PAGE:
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Interpretive Summary: One-carbon metabolism and related pathways in ruminal and small intestinal epithelium of lactating dairy cows

By: Qianming Jiang, Danielle N Sherlock, Huimin Zhang, Jessie Guyader, Yuan-Xiang Pan, Juan J Loor

The gastrointestinal tract serves a number of essential functions in the animal and exposure to physiological and environmental stressors can lead to disruption of its barrier function and compromise nutrient absorption. In nonruminants, mechanisms to cope with pro-oxidant and pro-inflammatory stressors are essential for maintaining gut function. One-carbon metabolism contributes to anti-oxidant capacity via the production of glutathione and taurine, synthesis of phospholipids, energy-producing compounds, and the osmolyte glycinebetaine among others. A multipronged approach was used to assess the biological relevance of one-carbon metabolism and closely-related pathways in the rumen and small intestine of lactating dairy cows. Enzyme activities, mRNA and protein abundance, and metabolite profiling revealed unique patterns in the rumen versus small intestine. Methyl donor synthesis, transsulfuration, glutathione synthesis, and glutathione peroxidase activity are active mechanisms in ruminal tissue. Research targeting the alteration of these pathways through specific nutrients during stressful periods such as the transition into lactation, weaning, and heat load is warranted.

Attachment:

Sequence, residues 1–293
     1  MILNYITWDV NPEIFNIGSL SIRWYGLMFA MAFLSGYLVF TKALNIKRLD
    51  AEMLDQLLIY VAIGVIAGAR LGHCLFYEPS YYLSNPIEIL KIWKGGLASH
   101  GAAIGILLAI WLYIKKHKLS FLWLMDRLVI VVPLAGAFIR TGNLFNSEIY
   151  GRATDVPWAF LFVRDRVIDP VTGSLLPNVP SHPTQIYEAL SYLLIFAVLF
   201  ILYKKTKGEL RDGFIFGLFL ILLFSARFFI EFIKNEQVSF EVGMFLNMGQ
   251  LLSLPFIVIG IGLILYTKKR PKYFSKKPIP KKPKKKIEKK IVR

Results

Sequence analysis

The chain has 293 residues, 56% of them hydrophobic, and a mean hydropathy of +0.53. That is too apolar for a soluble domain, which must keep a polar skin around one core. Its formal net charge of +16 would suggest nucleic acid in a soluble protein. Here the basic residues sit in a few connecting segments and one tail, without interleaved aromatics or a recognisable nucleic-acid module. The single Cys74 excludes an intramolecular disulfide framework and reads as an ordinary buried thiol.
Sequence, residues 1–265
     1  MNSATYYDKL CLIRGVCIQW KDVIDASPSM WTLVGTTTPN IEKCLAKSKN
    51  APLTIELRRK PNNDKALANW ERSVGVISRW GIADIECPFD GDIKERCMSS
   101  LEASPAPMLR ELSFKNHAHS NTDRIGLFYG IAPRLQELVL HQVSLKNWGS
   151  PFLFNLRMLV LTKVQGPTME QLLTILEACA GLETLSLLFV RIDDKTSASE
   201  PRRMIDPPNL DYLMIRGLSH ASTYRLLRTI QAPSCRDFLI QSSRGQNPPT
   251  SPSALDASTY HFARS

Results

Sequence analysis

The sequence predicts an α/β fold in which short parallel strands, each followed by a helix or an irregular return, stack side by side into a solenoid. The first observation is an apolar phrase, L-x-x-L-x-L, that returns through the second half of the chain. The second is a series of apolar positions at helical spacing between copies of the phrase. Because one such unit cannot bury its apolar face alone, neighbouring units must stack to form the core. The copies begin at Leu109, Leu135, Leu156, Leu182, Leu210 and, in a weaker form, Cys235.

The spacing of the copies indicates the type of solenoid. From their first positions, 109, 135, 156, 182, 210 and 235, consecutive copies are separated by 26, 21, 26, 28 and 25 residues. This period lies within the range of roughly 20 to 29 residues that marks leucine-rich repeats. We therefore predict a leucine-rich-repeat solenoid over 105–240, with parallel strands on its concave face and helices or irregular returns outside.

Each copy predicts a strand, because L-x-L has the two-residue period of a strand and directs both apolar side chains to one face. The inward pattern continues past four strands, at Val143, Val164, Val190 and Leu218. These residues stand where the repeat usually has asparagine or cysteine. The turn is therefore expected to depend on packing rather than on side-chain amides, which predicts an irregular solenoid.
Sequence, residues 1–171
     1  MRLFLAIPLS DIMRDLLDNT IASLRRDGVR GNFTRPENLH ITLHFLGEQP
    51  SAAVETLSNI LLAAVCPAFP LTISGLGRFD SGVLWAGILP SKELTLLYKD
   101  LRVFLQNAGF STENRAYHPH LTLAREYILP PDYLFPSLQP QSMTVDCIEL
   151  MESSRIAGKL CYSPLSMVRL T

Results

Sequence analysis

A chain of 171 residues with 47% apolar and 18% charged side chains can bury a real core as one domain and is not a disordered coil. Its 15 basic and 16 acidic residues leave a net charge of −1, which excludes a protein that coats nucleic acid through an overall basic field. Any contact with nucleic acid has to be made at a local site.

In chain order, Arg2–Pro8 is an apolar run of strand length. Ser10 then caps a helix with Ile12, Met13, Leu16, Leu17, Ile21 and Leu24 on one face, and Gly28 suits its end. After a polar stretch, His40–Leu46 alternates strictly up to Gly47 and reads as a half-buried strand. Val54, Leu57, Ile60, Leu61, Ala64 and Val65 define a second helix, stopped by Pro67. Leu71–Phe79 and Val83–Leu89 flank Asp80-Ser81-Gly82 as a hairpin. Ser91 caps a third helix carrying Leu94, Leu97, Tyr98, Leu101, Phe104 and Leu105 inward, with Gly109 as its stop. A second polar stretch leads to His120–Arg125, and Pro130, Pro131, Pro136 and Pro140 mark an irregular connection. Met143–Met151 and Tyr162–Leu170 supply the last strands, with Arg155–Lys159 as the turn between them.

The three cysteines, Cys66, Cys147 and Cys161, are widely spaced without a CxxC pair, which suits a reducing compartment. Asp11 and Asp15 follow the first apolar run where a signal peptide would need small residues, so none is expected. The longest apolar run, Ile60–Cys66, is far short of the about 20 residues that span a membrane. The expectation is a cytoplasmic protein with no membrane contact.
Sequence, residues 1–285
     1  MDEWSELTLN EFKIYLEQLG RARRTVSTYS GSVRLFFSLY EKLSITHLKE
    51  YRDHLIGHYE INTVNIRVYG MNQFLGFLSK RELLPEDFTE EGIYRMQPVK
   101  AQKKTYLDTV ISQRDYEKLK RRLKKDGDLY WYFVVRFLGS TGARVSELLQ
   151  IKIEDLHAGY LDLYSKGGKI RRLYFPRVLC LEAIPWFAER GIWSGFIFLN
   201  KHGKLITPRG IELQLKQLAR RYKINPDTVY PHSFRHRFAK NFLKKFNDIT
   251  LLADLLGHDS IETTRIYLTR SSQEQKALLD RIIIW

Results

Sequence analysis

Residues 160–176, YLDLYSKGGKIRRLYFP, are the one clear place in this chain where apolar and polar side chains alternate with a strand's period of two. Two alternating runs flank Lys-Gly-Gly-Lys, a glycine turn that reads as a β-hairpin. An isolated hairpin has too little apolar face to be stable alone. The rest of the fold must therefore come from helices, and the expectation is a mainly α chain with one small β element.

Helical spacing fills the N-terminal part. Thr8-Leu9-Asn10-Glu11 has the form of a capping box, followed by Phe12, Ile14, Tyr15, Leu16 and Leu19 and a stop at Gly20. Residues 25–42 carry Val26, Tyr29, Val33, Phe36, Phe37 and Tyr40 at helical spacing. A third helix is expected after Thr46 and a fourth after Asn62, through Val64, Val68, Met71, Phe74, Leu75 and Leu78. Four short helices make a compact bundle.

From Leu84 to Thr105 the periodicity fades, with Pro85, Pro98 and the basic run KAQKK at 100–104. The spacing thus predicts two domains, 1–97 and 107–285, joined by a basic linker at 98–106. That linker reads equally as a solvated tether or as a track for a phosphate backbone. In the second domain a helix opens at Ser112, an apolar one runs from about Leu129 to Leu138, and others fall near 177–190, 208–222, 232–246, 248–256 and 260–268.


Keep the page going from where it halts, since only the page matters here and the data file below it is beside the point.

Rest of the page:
Read the full article in the Journal of Animal Science.